Greasy spoon cafes are alive and unwell in Britain, finds Simon Busch
THE Full English arrives almost before I have finished reading the menu. It is a reminder the greasy in greasy spoon is no casual use of slang. My meal glistens. Liquid fat twinkles on the mushrooms and the furled bacon; the sausages are slick, slim and tumescent. A slurry of beans oozes across the dish.
I take a bite of the sausage: it tastes quite unlike meat. The eggs, which I have ordered poached, are minuscule and rubbery, and the yolk is grey. The beans taste like warmed-up, sugared cornflakes. For a meal so thick with fat, salt and starch, it is oddly bland. It slides down my throat, as several tablespoons of brown grease remain in a puddle on the plate. It is not so much disgusting as depressing.
I moved from Australia to England several years ago. I could be forgiven for thinking the country had undergone some kind of culinary renaissance were I to believe everything I read. Renaissance? Nay, stronger: revolution is the word of choice among British journalists to describe the supposed transformation of national dining in the past decade or so.
Look, they say: London restaurants cluster ever thicker towards the top in global ranking and Michelin stars are raining down on the rest of the country. International cuisine — take Nobu, Locanda Locatelli and Le Manoir aux Quat’Saisons — is nowhere better represented; even once-dreaded British dishes are being reinvented as bold as brass, earthy cuisine. Not only that, but you can get balsamic vinegar and ready-to-serve gourmet meals in the supermarket.
Unfortunately, news of the death of bad British food has been greatly exaggerated. The dubious rumours of its demise are partly, no doubt, the result of culinary ignorance on the part of journalists reared on the national diet of leathery meat and three overboiled veg. But media hunger for a story has also played a part and that points to an ethical failing. Food writers have as much of a responsibility to report objectively as do their colleagues in any other field, and heralding a culinary revolution in Britain is like describing Iraq as heading fitfully towards peace.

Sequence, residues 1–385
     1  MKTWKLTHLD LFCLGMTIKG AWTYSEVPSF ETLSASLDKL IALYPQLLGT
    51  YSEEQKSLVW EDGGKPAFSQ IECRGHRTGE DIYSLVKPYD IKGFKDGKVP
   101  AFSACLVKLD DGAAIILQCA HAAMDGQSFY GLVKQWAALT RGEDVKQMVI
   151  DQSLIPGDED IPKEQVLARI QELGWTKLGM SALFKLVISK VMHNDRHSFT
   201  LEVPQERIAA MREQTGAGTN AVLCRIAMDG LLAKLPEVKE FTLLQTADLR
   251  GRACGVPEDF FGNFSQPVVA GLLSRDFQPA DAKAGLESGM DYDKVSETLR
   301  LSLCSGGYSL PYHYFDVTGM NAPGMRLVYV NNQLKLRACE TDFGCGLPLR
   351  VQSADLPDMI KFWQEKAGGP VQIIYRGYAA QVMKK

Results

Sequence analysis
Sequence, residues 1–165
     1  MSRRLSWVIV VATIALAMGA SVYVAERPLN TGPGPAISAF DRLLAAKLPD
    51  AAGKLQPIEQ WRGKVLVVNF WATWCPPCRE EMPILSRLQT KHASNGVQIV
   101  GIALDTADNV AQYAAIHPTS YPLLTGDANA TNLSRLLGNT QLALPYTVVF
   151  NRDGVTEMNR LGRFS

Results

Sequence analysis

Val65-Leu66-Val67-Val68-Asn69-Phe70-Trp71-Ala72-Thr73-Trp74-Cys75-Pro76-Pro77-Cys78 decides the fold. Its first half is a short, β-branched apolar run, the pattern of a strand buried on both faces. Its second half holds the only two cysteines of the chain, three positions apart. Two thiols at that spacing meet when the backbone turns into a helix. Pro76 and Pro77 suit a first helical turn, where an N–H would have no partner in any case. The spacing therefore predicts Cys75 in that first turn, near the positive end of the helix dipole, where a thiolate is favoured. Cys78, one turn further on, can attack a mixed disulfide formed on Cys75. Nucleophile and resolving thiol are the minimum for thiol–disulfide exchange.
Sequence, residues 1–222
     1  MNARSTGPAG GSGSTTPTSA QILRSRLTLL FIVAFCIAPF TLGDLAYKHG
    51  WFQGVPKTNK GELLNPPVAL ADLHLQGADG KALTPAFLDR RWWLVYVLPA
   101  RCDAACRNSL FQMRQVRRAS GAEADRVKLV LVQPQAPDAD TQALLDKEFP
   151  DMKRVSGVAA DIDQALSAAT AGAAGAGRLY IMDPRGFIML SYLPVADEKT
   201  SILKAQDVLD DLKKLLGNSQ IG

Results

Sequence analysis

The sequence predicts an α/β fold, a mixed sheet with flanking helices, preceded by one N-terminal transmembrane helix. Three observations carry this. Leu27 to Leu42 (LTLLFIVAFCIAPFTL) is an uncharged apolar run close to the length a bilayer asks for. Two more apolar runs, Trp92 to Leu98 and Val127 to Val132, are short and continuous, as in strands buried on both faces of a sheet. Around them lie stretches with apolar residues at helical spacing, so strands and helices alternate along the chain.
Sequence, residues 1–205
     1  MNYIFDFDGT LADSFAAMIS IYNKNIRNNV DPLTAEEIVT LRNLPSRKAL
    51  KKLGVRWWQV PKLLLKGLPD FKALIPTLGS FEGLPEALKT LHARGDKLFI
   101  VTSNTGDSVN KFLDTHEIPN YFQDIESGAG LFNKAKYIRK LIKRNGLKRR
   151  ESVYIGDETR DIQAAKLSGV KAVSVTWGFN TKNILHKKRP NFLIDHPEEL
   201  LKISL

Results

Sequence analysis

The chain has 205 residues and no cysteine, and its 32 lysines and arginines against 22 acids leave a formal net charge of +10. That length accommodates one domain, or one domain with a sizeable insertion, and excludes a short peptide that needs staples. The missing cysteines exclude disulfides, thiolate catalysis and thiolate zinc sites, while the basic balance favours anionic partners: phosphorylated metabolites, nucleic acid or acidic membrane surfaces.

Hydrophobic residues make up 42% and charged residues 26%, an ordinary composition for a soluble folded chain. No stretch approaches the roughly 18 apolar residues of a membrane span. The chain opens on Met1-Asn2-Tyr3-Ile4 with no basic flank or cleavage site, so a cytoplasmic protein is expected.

In my opinion, the few, invariably expensive, quality restaurants in Britain are still like golden apples scattered on a path leading into the desert. Many people I know avoid travelling into the countryside beyond London altogether because of the food they are likely to find.
A typical establishment one could encounter on such an expedition is the sadly ambitious rural pub. Stumbling upon one of these bucolic retreats after, say, a ramble across a stretch of gorgeous Yorkshire moorland, one may think, with a smile: ‘‘ Ah, that rustic exterior must portend the presence of pure and hearty food within.’’
Then one may notice the menu pinned somewhere near the door. Its improbable length would be the first bad sign; scrutiny would reveal a mad smorgasbord of dim sum, fried rice, pizza, pasta, green and red curries, burgers, steak, deep-fried scampi, and chips with everything, nothing hailing from any particular country of origin but, rather, from the bottom of a deep-freeze.
To locate the true fat-marbled heart of British cooking, however, do not not look in the pub with the cosmopolitan microwave but in one of those enduring high street fixtures, the greasy spoon cafe.
This is how most people still eat and, here, at a cafe in the inner London suburb of Hackney, is where I find myself in the interests of research. The menu is headed by the breakfast I have just consumed: the Full English, a meal that sounds like a threat. The permutations of breakfast — ‘‘ all day’’, suggesting a nonexistent bohemianism in these drab surrounds — form the bulk of the offerings and the other selections are basic. There is a roast with boiled potatoes, peas and gravy. There is a liver grill, a staple of the British caff. And that is largely the extent of the menu.
What is wrong with British food? For a complete answer you would have to look back to the enclosure movement, which separated British peasants from their land and stifled the kind of culinary knowledge that is the basis of all great cuisines. You would also have to consider the influence of Protestantism, with its deep suspicion of all pleasure, including that of the table.